Scores of empty shoes littered the lawn outside an Ohio church on Thursday evening, a stark but poignant memorial to the lives lost in two mass shootings in El Paso and Dayton. The people of United Church of Christ Congregational in Vermilion, 30 miles west of Cleveland, were moved to act. Devastated by the latest incidents of gun violence less than 24 hours apart on Aug. 3 and 4 which left more than 30 dead and dozens injured, they planned a prayer vigil and a community call to action.
"Our secretary said when she first heard about the shooting in Dayton, the first image she saw was this pile of shoes," said the Rev. Mindy Quellhorst, church senior pastor. "The report said when people were running out of the bars in the Oregon [entertainment] district, they ran out of their shoes trying to get away. So, people piled them up, hoping the owners would come back and get them. That was the image the mission committee wanted to use on the lawn."
The image of people running for their lives in a city downstate, less than 200 miles away, was underscored by moving testimonies of Vermilion UCC Congregational members at the vigil that drew about 100 people from cities all across Northern Ohio on Aug. 8.
Karen Rossi, who chairs the church missions committee which organized the vigil, spoke about her daughter's connection to one young man who died in the gunfire early Sunday morning in Dayton's historic Oregon district. Nine people were killed in 32 seconds before the shooter was stopped by police.
Rossi said her daughter's best friend was trying to get a hold of her boyfriend all day Sunday. He had just finished his internship at a medical facility there and was out celebrating with friends. His girlfriend couldn't reach him and learned of his death when the list of the fallen was released.
Another member, Pat Stein, shared a heartbreaking testimony about her sister–a woman diagnosed with mental illness at a time her parents did not believe it was a disease. In and out of hospitals, Stein's sister was not able to get the help she needed–her insurance couldn't cover her care. Her sister, living on the other side of the country, moved in with friends. Stein thought she was okay–until the police came to her door one day and told her that her sister had shot herself. Her friends collected guns, and she used one to end her life.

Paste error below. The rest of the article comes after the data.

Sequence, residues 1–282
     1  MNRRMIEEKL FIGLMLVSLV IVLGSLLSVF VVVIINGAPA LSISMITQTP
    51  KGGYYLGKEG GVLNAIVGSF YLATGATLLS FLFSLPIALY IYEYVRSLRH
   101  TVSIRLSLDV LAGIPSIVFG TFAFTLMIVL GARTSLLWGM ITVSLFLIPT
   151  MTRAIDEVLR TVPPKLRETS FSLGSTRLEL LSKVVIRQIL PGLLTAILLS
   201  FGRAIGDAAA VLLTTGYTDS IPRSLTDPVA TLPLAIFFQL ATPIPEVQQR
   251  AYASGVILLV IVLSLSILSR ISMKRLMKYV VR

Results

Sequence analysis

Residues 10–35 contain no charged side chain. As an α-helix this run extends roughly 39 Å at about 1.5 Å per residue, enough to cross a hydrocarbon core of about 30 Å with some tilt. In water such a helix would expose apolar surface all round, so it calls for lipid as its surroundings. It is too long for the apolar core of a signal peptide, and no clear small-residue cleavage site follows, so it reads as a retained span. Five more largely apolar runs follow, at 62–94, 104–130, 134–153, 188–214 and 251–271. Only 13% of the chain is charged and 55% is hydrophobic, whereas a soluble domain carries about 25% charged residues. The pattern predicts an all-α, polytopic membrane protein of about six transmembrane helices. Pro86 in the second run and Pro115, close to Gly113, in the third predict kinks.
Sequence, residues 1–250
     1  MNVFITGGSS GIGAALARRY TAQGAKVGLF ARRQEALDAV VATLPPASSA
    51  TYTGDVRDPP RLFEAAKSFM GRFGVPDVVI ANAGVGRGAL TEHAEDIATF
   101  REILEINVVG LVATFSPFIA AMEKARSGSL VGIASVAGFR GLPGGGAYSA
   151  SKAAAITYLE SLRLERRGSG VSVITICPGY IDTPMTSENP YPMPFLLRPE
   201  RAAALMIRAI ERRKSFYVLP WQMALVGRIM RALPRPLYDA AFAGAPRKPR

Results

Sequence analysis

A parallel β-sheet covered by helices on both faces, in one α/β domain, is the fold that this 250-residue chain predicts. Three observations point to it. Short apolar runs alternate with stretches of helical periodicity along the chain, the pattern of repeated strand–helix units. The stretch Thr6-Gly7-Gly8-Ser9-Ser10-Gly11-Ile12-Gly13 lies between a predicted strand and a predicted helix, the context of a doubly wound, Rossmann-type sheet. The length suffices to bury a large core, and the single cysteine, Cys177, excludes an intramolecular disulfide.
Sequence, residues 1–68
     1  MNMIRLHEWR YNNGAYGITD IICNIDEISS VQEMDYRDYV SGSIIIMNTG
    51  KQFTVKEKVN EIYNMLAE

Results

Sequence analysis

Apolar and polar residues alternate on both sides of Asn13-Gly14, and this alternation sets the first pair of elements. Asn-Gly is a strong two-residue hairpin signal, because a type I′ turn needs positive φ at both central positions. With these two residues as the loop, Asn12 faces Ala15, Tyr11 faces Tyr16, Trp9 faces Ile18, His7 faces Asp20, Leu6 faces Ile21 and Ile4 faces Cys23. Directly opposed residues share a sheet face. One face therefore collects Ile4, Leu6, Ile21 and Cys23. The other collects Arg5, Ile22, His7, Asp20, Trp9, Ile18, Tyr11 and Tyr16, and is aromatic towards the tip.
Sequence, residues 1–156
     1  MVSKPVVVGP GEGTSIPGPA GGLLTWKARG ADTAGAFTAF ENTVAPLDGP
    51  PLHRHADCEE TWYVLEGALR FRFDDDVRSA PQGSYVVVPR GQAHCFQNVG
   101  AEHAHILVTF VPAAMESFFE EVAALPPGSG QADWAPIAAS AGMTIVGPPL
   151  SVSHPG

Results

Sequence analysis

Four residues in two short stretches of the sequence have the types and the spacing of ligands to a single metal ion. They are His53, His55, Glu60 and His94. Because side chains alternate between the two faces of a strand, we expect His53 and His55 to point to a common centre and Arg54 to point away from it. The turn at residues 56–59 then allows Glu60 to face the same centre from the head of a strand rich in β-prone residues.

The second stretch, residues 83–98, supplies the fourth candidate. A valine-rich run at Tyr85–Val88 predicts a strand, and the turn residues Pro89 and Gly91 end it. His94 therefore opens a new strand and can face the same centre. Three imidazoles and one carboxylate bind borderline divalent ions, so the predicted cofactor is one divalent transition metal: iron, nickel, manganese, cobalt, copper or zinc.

"That connection they shared, the testimonies…just powerful images," Quellhorst said, noting that the connection also touched the wider UCC. "A clergy colleague of mine from the Southern Ohio area wrote on Facebook that she had been working with young people on their internship–she came into contact with them at the medical facility while doing pastoral care–three were hurt and one was killed."
While emotional, this touching service was more than stories, songs and prayers. The members of Vermilion UCC Congregational offered resources on gun safety and suicide prevention and urged participants to push their lawmakers for sensible gun control legislation. Laws that may prevent not just mass shootings—laws that also help stop suicides involving guns. At tables set up on the lawn, a number of people took time to check out the information and write their representatives.
"It's not just thoughts and prayers," Quellhorst said. "We have to do action; we have to be in our communities, to share peace and to talk to each other. The last song (If We Just Talk of Thoughts and Prayers by Carolyn Winfrey Gillette, written after a church shooting in Texas) was all about that–it was a very powerful way to pull it all together."